I equate this to the same feeling I get when I am unable to decide what to watch. I have Netflix, Amazon Prime, Hulu, Disney Plus, HBO Max, and Kanopy, each with virtually unlimited options of fantastic films and TV series. Yet, most of the time anymore, I end up being unable to pick a single film and end up just watching Youtube or TikTok.

Barry Schwartz calls this feeling “the paradox of choice.”

In his book of the same name, Schwartz states, “As the number of choices increases, as it has in our consumer culture, the autonomy, control, and liberation this variety brings are powerful and positive. But as the number of choices keeps growing, negative aspects of having a multitude of options began to appear. As the number of choices grow further, the negatives escalate until we become overloaded. At this point, choice no longer liberates, but debilitates. It might even be said to tyrannize.”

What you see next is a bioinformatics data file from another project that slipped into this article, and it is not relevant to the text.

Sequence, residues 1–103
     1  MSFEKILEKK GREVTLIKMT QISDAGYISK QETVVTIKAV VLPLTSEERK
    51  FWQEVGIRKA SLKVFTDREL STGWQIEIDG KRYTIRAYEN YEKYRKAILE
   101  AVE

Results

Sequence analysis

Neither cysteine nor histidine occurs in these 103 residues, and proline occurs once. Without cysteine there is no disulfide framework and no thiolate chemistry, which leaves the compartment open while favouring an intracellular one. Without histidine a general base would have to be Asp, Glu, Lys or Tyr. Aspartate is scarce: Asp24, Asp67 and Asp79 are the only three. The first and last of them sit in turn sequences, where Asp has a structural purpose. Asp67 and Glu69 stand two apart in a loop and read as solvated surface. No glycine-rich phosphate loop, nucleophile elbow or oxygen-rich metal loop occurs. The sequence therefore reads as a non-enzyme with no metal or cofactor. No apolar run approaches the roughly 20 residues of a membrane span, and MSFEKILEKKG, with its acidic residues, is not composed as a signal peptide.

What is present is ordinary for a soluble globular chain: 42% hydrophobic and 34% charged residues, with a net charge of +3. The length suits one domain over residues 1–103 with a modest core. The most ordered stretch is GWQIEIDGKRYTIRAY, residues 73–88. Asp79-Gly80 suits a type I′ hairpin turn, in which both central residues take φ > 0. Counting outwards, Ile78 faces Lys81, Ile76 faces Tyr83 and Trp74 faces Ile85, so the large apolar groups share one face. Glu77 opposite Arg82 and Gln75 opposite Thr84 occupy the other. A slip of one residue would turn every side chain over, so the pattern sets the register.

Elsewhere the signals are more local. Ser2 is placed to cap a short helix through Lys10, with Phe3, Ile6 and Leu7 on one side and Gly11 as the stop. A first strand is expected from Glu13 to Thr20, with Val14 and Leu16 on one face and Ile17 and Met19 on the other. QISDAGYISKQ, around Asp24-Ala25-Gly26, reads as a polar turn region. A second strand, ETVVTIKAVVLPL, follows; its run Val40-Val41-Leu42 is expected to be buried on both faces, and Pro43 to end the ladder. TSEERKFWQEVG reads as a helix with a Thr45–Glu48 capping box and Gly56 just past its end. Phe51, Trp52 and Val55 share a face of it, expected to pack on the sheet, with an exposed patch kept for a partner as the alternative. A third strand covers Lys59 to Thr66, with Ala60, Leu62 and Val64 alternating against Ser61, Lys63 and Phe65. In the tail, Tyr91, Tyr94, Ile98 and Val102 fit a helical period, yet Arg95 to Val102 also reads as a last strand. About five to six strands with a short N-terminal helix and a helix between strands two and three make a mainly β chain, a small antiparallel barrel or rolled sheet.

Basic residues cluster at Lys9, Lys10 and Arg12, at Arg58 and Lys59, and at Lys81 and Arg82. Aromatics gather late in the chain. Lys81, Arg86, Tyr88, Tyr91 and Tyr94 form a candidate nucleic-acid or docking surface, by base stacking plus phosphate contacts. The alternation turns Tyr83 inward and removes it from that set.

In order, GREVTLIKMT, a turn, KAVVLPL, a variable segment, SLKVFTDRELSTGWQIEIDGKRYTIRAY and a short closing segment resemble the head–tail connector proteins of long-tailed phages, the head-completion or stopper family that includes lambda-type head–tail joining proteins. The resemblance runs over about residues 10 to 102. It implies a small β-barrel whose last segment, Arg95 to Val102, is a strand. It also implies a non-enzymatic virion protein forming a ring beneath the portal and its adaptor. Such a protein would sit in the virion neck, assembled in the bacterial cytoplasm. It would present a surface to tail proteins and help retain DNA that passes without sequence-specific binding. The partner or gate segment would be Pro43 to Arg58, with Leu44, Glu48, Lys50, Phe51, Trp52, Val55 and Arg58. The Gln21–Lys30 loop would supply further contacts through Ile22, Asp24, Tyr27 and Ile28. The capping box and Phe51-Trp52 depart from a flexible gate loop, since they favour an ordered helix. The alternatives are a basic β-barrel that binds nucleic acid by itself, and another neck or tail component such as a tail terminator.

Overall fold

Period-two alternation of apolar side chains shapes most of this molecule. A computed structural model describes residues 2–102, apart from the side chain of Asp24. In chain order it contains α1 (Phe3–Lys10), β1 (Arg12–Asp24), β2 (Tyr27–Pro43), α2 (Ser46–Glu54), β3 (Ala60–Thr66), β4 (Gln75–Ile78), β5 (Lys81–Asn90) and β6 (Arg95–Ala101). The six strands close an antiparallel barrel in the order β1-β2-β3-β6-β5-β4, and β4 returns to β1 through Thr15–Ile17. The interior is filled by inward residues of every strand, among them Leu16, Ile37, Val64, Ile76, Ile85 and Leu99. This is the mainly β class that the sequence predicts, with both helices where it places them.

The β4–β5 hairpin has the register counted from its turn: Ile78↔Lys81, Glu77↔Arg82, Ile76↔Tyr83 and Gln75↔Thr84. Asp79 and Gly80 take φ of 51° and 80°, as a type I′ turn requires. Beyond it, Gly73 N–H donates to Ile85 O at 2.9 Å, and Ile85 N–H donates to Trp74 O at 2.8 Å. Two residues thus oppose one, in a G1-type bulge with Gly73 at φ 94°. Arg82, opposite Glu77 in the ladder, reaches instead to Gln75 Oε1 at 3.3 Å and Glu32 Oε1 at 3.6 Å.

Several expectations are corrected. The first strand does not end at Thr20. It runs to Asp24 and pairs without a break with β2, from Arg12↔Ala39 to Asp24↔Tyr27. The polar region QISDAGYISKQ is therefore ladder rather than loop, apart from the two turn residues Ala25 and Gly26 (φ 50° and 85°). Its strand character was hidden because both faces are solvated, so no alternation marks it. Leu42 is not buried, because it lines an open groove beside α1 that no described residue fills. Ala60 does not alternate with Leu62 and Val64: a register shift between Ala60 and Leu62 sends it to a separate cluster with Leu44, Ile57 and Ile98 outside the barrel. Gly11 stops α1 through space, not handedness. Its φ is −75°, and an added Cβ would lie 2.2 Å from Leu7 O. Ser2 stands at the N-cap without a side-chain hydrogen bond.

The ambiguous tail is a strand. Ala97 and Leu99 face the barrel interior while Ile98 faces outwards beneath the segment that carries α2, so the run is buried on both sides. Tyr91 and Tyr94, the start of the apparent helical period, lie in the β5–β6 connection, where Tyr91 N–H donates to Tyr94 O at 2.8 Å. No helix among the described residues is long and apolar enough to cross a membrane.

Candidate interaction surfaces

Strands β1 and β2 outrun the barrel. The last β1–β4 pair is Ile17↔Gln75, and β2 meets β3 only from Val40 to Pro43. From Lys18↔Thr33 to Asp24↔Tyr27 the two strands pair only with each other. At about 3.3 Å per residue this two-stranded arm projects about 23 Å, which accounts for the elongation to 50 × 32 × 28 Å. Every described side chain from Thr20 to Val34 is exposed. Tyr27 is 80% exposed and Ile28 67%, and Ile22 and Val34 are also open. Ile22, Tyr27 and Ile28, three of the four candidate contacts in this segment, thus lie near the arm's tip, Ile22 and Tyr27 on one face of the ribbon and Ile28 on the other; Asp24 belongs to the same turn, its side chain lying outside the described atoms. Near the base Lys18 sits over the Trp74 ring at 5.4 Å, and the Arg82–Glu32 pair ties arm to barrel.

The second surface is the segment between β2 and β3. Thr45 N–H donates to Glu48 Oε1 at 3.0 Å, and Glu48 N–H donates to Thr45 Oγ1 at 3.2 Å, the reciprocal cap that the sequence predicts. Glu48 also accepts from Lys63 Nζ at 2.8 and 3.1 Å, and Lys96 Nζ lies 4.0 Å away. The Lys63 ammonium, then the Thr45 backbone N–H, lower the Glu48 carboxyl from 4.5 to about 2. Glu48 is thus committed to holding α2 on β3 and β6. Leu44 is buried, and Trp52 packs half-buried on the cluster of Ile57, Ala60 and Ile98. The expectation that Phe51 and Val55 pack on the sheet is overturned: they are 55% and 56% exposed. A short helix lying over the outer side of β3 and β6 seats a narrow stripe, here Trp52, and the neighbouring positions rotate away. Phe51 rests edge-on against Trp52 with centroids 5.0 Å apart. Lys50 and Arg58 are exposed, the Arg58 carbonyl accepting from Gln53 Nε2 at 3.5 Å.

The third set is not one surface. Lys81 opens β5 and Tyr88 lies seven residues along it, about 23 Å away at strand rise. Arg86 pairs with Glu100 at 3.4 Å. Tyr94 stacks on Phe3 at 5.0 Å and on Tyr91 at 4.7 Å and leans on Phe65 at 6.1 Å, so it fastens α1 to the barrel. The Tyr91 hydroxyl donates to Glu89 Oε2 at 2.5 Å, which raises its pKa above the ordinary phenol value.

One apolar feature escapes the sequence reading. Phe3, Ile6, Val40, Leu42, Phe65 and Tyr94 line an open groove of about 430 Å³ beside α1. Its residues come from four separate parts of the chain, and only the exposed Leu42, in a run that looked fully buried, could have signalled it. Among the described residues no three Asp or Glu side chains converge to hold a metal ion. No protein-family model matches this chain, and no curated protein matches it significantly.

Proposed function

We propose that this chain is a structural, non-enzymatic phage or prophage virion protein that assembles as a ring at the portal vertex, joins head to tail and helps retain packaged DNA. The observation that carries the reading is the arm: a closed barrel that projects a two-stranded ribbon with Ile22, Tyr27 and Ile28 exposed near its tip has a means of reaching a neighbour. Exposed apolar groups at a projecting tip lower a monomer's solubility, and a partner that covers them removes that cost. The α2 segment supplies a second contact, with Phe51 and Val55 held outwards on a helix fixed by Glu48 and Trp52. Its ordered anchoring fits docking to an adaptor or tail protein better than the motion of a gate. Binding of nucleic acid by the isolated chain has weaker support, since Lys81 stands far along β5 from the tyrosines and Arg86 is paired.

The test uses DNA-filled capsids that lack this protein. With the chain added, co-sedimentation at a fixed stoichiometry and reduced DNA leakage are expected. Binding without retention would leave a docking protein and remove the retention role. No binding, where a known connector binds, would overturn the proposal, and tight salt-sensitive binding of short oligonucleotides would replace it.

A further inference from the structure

I can understand Schwartz’s choice to use the word tyrannize.

Whenever I have a job to do, I’ll often find myself debating which screwdriver to use. I’ll tell myself, “Oh, I should use this one because it doesn’t often get used” or “this one is shinier and newer so I should use it.” What should be as easy as picking up a screwdriver from my toolbox becomes a difficult decision.

It should not be a difficult decision to choose which screwdriver to use.

Despite owning so many screwdrivers, nine times out of ten I reach for exactly one screwdriver: my 6-in-1 screwdriver from Harbor Freight Tools that I paid exactly two dollars for.